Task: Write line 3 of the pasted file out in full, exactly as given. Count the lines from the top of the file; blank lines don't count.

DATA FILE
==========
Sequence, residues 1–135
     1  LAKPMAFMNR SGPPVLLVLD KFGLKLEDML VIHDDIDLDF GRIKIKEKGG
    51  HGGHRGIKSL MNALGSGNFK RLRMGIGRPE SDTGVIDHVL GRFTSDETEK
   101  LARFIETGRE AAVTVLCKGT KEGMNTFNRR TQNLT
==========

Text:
    51  HGGHRGIKSL MNALGSGNFK RLRMGIGRPE SDTGVIDHVL GRFTSDETEK